About
Nadja, Adam, and Megan Smile at the Beginning of the 2019 Inclusive Health Grantees Workshop at Special Olympics Headquarters
Our Story
Special Olympics, founded in 1968, is the world’s largest sports organization for people with intellectual disabilities. Special Olympics Health, launched in 1997, focuses on the health of our athletes and applying lessons learned from our work to help improve the health of all people with intellectual disabilities. Since its creation in 1997, the Special Olympics Health program has made life-changing and life-saving strides in health. Despite the success of the health program, people with intellectual disabilities (ID) remain one of the most medically under-served groups in the world.

They are frequently locked out of most aspects of health systems and face significant health disparities. To improve the health outcomes for all people with ID and not just their athletes, in 2016 Special Olympics introduced a strategy: Inclusive Health. Building on the foundation of its health programming, Special Olympics aims to ensure that the inclusion of people with ID in mainstream health systems becomes common practice.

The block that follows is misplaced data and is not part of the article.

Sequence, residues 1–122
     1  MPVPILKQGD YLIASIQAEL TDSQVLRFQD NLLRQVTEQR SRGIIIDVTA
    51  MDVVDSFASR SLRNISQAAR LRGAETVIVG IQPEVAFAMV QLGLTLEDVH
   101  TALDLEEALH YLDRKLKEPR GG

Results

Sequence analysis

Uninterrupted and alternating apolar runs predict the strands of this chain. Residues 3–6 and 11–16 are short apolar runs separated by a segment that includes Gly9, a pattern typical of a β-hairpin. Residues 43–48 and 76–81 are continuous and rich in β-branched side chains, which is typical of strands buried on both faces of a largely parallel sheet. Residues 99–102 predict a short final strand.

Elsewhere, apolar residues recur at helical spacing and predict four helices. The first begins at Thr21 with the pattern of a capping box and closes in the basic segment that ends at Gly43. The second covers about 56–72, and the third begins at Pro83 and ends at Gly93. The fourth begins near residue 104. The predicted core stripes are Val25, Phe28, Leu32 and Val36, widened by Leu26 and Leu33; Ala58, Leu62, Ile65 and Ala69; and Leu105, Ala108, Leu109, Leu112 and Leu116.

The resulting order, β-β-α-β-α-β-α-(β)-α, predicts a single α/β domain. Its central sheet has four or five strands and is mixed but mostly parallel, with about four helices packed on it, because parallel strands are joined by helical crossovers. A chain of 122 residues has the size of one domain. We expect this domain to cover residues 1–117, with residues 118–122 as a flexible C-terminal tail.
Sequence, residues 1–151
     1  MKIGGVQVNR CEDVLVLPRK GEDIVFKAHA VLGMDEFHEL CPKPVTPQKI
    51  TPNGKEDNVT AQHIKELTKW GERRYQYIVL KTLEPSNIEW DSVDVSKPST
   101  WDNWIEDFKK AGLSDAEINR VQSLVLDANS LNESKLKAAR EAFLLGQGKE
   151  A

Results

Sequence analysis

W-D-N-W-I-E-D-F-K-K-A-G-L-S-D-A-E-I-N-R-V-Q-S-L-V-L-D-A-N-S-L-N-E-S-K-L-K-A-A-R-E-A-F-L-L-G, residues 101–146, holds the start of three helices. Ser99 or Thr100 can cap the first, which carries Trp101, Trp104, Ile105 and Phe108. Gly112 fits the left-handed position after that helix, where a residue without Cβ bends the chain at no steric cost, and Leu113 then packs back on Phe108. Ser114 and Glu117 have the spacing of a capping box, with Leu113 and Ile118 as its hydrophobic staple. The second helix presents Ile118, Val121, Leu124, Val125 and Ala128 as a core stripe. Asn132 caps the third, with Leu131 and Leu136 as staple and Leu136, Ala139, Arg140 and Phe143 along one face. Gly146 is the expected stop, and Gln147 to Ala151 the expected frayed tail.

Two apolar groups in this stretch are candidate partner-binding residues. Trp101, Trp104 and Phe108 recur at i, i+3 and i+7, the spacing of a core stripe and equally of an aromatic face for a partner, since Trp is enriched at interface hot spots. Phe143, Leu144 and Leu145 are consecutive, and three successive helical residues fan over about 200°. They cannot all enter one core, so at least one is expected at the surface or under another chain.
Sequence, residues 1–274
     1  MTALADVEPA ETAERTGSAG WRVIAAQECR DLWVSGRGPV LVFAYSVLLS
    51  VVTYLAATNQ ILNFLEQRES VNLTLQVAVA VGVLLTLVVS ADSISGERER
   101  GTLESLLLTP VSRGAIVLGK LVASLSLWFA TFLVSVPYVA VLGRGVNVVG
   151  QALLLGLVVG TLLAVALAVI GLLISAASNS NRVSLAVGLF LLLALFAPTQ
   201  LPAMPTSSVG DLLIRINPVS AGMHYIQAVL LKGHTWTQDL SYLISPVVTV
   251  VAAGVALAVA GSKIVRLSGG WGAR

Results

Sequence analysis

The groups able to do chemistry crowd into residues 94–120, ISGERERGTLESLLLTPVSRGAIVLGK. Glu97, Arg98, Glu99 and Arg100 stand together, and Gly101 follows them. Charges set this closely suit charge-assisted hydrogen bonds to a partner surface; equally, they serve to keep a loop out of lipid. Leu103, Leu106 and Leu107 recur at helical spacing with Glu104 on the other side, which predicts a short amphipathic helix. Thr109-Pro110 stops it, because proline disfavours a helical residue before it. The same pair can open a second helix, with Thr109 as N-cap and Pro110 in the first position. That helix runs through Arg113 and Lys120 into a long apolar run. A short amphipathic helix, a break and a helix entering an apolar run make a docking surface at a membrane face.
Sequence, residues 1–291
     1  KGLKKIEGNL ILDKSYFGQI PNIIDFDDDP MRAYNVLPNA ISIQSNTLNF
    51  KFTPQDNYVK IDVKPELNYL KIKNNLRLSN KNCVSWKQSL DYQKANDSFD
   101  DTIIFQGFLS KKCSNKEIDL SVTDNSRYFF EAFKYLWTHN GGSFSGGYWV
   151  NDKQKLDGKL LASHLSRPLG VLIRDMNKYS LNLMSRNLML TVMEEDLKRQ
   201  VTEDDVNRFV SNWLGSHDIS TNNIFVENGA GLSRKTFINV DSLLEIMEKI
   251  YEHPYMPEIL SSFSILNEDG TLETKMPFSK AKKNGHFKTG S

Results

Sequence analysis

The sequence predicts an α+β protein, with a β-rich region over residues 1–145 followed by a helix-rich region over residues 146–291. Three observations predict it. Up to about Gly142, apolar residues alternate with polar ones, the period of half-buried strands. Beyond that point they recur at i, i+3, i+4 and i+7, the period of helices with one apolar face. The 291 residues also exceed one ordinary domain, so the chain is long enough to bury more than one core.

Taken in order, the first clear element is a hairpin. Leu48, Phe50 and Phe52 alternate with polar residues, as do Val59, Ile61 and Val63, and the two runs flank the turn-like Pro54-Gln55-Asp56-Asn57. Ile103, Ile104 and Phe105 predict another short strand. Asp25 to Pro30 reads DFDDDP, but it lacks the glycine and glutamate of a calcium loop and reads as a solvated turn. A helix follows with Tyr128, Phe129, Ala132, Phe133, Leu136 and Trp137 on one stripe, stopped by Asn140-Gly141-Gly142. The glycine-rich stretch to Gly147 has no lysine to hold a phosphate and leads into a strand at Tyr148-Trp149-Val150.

What is ID?
Intellectual disability (or ID) is a term used when a person has certain limitations in cognitive functioning and skills, including communication, social and self-care skills. These limitations can cause a child to develop and learn more slowly or differently than a typically developing child. ID can happen any time before a child turns 18 years old, even before birth.

Intellectual disability is the most common developmental disability.
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